Arizona law provides for different types of rates or rental charges in commercial leases. As a party to any commercial real estate transaction, you should know the distinctions between these rental rates and how they might affect your tenancy. Whether you need legal advice and guidance during your real estate transaction or legal representation when a transaction ends in a dispute, an Arizona real estate lawyer can assist you.
Commercial lease rates vary according to the extent to which the tenant’s base rental rate includes payment for the building’s operating and/or occupancy expenses. Operating expenses typically include property taxes, insurance premiums, and maintenance costs for common areas. On the other hand, occupancy expenses include janitorial services and payment of basic utilities, such as water, gas, and electrical service. When paying for any portion of operating and occupancy expenses, parties should clearly define what specific operating and occupancy expenses are included and not included in base rental rates. Tenants also should determine whether they are to pay any operating and occupancy expenses as additional rent to the landlord or whether they are to pay expenses directly to third-party providers, such as utility companies.
Gross Commercial Leases
In a gross or full-service commercial lease, the tenant pays the base rental rate to the landlord. The landlord is responsible for paying the building’s operating and occupancy expenses. As a result, the base rental rate for gross commercial leases is typically higher than in other commercial leases. Still, the tenant must pay only one monthly bill to cover all necessary office expenses.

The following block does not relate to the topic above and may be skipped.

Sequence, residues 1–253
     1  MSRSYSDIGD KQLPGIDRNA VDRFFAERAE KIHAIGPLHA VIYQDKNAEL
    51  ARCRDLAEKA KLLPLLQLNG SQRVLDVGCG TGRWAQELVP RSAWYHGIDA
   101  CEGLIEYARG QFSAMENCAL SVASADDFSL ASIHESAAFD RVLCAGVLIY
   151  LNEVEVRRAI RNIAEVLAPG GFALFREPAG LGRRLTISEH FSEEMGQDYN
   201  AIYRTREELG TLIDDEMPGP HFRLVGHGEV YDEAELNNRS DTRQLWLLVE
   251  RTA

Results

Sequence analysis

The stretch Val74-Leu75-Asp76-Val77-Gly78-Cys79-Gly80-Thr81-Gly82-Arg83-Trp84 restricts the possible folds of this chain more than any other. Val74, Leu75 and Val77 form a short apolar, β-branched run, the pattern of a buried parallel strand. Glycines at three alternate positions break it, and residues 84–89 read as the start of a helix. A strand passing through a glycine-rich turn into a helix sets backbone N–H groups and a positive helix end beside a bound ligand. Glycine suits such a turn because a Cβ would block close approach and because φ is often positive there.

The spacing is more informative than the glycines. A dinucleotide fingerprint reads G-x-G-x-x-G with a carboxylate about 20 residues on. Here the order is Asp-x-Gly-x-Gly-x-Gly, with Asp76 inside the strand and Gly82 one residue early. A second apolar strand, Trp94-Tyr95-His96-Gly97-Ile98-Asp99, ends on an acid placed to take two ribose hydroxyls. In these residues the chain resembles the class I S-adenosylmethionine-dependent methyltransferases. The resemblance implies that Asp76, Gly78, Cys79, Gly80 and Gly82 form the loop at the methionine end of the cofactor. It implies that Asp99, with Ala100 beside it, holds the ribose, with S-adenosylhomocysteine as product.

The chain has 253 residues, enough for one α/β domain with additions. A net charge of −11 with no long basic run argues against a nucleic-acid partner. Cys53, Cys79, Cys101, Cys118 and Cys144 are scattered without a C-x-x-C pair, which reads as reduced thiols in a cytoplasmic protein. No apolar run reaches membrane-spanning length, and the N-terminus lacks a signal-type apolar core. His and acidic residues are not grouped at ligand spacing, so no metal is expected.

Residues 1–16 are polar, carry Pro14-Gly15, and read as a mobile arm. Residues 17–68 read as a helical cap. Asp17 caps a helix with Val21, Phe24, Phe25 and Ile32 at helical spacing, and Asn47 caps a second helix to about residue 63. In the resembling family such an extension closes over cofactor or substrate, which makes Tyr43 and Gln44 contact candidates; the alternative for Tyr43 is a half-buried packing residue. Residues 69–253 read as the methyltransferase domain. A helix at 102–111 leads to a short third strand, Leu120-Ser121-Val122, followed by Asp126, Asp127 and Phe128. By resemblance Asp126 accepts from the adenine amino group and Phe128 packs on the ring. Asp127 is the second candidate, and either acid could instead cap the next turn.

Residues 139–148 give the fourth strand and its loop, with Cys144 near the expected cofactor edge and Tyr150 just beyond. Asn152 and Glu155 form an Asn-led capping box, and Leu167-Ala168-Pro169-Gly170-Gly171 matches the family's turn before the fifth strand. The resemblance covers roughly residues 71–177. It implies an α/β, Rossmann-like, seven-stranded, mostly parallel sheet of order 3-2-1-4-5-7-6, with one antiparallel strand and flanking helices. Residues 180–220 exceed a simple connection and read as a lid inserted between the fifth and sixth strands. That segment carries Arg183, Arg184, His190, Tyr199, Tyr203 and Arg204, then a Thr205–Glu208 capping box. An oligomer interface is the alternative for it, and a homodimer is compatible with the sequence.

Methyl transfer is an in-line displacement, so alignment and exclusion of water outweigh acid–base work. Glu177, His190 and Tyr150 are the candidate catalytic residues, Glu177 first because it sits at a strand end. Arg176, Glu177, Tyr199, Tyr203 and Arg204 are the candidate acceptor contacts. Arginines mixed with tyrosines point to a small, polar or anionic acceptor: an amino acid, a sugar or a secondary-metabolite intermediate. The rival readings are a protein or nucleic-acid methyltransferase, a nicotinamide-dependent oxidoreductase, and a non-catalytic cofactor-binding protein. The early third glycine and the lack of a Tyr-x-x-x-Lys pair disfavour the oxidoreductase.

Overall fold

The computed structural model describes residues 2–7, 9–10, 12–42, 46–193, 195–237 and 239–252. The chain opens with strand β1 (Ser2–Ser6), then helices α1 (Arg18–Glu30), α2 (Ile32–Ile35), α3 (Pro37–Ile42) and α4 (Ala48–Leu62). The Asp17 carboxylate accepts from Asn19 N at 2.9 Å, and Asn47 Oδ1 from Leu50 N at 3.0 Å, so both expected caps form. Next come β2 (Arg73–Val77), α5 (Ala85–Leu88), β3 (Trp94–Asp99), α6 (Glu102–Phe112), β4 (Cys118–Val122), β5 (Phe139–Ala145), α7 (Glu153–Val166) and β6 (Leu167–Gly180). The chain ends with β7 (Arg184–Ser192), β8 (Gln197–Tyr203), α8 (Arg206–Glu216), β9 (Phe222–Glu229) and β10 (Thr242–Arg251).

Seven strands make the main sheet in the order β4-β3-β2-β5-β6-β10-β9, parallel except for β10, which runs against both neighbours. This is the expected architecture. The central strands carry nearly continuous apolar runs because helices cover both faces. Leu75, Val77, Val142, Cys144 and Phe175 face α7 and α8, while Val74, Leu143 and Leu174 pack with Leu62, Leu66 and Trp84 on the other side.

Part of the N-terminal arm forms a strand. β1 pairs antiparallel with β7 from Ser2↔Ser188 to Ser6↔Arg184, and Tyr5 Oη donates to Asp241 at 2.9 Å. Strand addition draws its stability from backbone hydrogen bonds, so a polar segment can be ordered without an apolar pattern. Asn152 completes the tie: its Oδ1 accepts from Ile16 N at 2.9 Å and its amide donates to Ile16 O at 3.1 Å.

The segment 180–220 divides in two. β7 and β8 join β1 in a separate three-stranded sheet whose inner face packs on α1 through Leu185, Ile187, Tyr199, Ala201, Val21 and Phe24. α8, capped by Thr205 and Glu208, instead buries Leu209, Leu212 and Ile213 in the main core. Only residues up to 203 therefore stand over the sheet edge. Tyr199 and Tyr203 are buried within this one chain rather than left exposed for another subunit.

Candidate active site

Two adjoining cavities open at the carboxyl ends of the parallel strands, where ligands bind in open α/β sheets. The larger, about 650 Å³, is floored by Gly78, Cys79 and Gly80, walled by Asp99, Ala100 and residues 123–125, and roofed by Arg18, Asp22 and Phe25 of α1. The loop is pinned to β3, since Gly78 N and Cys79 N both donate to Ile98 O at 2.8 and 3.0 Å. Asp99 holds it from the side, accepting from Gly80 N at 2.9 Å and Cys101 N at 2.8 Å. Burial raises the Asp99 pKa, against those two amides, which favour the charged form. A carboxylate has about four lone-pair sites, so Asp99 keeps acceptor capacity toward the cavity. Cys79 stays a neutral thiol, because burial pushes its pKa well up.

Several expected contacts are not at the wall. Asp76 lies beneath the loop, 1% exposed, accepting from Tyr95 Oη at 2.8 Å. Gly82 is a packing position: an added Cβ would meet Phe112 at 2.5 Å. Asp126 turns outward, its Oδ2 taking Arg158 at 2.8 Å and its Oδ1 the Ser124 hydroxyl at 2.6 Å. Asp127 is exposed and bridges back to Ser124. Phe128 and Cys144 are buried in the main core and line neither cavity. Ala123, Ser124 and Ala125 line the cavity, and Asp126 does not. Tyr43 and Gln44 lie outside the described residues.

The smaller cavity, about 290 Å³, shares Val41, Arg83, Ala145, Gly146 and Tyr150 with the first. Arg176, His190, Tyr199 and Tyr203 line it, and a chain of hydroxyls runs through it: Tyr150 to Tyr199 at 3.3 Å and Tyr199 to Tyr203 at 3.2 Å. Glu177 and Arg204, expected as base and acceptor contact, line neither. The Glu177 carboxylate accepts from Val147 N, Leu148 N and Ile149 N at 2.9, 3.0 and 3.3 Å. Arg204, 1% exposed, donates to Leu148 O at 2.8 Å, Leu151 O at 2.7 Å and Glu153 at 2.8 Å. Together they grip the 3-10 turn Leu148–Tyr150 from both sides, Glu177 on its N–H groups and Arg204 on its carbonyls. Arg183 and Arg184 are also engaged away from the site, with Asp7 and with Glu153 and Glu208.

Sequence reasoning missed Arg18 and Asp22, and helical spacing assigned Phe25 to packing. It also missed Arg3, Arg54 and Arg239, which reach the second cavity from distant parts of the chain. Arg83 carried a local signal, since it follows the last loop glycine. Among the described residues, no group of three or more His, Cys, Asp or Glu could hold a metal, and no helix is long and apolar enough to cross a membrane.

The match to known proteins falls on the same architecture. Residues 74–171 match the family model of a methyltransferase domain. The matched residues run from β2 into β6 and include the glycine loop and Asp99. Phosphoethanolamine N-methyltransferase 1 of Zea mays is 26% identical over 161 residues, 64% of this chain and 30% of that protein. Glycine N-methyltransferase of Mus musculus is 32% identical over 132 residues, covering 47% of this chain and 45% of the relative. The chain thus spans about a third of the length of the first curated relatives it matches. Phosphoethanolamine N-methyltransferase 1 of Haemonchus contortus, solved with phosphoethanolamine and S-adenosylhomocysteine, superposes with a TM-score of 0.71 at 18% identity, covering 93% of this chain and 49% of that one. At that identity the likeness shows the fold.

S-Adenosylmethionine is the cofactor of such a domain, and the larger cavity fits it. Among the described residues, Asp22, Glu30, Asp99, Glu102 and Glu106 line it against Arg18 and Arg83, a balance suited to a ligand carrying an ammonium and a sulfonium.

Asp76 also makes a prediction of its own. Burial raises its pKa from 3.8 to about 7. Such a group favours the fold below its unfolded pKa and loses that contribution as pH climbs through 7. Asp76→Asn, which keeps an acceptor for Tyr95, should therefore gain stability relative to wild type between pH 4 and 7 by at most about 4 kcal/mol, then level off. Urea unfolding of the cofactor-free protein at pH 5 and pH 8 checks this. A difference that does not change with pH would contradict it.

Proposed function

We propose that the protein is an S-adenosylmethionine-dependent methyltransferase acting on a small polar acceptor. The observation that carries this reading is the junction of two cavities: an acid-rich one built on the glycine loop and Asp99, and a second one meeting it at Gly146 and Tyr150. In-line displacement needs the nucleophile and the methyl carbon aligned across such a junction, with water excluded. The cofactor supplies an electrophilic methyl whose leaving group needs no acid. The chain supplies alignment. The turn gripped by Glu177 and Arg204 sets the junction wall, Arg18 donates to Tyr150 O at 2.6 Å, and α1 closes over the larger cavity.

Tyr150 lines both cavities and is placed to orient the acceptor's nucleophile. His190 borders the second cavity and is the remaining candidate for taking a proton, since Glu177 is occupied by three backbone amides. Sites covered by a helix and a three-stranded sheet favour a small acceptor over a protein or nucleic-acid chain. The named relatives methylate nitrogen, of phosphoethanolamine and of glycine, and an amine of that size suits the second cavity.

However, some gross commercial leases also require the tenant to pay some share of operating expenses. In this situation, a gross commercial lease may establish a “base year,” which defines the expenses included in the tenant’s base rental rate. Then, in subsequent years, a gross commercial lease may require tenants to pay a proportionate share of any increase in those expenses beyond the base year amounts or any operating expenses they incur beyond the base year amounts.
Net Commercial Leases
In a net commercial lease, a tenant pays a base rental rate that includes their pro rata share of operating expenses for the building plus all occupancy costs. Again, typical operating expenses in net commercial leases include common maintenance area (CAM) fees, property taxes, and insurance premiums.
A landlord calculates a tenant’s pro rata share of operating expenses in a net commercial lease by determining the total operating cost per square foot for all rentable space in the building. Each tenant’s share of that sum is based on the percentage of space rented and occupied by that tenant.
There are three varieties of net commercial leases: triple net / “NNN,” double net / “NN,” and single net / “N” leases. A triple net lease is the opposite of a gross lease in that the tenant is responsible for rent, utilities, and the property’s operating expenses, including CAM fees, insurance premiums, and property taxes. A double net lease makes the tenant liable for rent, utilities, property taxes, and insurance premiums; however, the landlord is responsible for CAM fees. Finally, in a single net lease, the tenant pays only for rent, utilities, and property taxes, with the landlord paying the remaining operating expenses.
Modified Gross Leases
In a modified gross lease, the tenant is responsible for paying a base rental rate, utilities, and some operating expenses. The details of modified gross leases can vary widely.
For instance, some modified gross leases provide that a tenant pay no operating expenses in the first year but a pro-rata share of certain operating expenses in the second and subsequent years. As a result, this type of lease arrangement makes it important to determine which operating expenses are included and the estimated costs of each operating expense.
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